10 Ways Insurance Drives Economic Growth
(source: Insurance Information Institute iii.org)
When asked what insurance does, most people are likely to say that it provides protection against financial aspects of a premature death, injury, loss of property, loss of earning power, legal liability or other unexpected expenses. All that is true. However, the industry’s contribution to the economy goes much further. One could point to the millions of people employed in insurance and related activities, to the billions of income taxes and premium taxes paid and to extensive charitable works. But, significant as they are, these are byproducts of the contributions of an industry that is at the heart of the growth and progress of every modern economy. Those contributions can be grouped under three broad categories: safety/security; economic/financial stability; and development. Under these headings, this paper describes 10 ways in which insurers and reinsurers drive economic growth. Briefly:
- Financial first responders.
Oftentimes on-site at the same time as emergency officials, insurers make every effort to restore claimants and beneficiaries quickly and reliably. This lessens the costs of unexpected losses and benefits even among those not directly affected by a loss.
- Risk mitigators.
Insurers sponsor and promote knowledge and activities that save lives and protect and preserve property.
- Capital Protectors.
Insurers are not as susceptible to short-term liquidity crunches as are other financial services firms. Reinsurers further stabilize insurer exposure to loss by spreading or diversifying transferred risk.
- Partners in Social Policy.
Insurance is an instrument of social policy. By providing significant social benefits, such as compensation for injuries at work and rebuilding property after catastrophes, insurance contributes to the rebuilding of people’s livelihoods, as well as to the economy as a whole.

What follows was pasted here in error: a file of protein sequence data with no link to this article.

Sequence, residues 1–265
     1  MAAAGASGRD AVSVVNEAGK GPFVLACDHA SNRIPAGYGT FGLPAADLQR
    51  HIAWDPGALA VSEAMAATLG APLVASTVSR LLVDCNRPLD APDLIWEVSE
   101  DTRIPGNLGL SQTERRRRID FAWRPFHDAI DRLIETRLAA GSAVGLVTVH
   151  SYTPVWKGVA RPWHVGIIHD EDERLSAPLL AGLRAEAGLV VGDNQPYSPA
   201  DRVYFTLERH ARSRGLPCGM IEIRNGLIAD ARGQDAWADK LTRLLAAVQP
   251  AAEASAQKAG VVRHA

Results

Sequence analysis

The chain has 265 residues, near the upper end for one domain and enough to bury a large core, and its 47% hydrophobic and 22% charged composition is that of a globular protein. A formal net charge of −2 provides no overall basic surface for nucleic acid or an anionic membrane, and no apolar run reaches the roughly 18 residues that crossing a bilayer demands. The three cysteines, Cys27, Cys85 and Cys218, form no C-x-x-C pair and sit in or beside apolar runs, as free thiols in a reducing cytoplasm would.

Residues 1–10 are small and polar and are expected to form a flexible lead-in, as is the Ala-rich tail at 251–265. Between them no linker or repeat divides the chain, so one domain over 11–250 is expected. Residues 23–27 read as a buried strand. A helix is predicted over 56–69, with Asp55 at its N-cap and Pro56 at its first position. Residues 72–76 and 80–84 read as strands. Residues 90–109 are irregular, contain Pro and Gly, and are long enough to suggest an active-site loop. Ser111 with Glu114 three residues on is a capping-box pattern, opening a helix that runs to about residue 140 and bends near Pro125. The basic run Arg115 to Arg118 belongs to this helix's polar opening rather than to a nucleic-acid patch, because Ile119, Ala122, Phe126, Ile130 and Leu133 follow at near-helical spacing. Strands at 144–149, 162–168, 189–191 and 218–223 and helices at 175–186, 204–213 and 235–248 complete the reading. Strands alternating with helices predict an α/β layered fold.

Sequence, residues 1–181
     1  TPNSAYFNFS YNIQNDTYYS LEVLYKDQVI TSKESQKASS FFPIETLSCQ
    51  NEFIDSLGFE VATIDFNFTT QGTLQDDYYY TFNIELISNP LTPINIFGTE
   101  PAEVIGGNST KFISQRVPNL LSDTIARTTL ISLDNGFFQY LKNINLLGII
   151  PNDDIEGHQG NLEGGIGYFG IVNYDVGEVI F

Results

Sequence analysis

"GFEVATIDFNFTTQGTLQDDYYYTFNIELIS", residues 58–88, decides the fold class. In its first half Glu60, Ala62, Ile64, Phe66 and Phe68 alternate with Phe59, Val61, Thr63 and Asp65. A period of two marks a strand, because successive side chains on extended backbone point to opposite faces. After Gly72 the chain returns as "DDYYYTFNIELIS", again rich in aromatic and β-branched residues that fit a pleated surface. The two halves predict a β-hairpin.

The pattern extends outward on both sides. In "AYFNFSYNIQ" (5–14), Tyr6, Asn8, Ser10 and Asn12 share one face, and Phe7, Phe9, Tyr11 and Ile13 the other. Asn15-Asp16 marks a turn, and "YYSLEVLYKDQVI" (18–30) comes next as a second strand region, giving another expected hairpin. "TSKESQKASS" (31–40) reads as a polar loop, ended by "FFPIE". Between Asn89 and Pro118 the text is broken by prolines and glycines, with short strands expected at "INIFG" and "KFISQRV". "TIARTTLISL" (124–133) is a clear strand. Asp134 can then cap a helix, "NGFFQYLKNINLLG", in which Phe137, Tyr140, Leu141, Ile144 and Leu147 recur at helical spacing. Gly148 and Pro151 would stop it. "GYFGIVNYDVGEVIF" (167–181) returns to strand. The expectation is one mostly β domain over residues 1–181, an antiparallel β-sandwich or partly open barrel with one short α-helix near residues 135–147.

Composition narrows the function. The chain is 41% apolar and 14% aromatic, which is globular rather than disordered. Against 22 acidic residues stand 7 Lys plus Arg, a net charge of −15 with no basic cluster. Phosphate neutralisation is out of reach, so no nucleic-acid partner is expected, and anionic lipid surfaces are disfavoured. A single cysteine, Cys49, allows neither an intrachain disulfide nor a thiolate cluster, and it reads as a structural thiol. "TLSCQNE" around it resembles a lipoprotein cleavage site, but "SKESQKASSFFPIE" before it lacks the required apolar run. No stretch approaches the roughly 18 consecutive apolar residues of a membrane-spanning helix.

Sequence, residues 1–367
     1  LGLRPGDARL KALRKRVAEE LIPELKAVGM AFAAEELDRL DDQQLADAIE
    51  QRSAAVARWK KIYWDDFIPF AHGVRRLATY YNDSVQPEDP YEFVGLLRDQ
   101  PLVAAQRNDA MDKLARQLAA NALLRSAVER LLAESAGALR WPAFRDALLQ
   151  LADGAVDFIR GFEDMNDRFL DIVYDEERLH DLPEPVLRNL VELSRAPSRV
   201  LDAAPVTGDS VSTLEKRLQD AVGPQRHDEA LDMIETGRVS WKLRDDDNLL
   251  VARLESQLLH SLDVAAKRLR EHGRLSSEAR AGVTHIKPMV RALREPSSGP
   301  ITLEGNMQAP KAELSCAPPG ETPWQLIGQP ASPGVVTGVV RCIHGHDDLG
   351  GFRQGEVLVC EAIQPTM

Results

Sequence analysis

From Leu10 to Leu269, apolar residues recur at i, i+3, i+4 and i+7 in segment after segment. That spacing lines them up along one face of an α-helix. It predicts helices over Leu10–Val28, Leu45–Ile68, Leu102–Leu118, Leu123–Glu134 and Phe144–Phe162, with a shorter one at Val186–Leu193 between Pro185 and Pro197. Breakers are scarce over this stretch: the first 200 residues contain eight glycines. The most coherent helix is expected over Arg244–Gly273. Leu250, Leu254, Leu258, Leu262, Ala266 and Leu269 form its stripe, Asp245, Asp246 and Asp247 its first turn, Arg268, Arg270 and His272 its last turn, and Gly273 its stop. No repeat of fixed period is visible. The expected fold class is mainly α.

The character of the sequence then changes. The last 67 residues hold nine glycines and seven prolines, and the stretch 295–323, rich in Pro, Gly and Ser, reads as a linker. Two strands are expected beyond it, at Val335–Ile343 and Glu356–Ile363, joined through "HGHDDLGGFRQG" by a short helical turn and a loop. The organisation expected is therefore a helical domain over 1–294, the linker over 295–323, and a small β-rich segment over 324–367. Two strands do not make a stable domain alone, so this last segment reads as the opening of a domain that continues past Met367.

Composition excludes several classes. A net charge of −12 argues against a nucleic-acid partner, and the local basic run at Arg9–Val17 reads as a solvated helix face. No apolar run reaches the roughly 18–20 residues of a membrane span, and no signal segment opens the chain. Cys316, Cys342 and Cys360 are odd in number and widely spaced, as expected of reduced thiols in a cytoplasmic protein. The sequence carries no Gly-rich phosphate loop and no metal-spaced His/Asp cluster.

- Sustainers of the Supply Chain.
Insurance protects economic interdependence among businesses by insuring supply chains, which become increasingly vulnerable with more complex technological components.
- Capital Infusers.
Insurance reduces the need for “rainy day funds.” Rather than having to set aside a relatively large amount of money to pay for unexpected losses, consumers and businesses can buy insurance for a relatively small premium, thereby putting more working capital into the economy, producing and consuming more goods and services to create a higher standard of living.
- Community Builders.
Insurers are among the largest investors in the world, with more than $8 trillion in assets under management. Since these investments need to be available to pay long-term claims, investments often include private and municipal bonds that help communities grow and thrive.
- Infrastructure Enablers.
Insurance enables economy-boosting construction projects and events to take place.
- Innovation Catalysts.
Insurance allows innovators to take the risk that’s needed to spur modernization. For more than 300 years—including every industrial revolution—insurance has been a critical driving force, and thus is central to a developing economy.
- Credit Facilitators.
Insurance is critical to the borrowing process. With insurance, lenders are more likely to provide funding for large purchases, consumer durables and to businesses, and charge lower interest rates for these loans.
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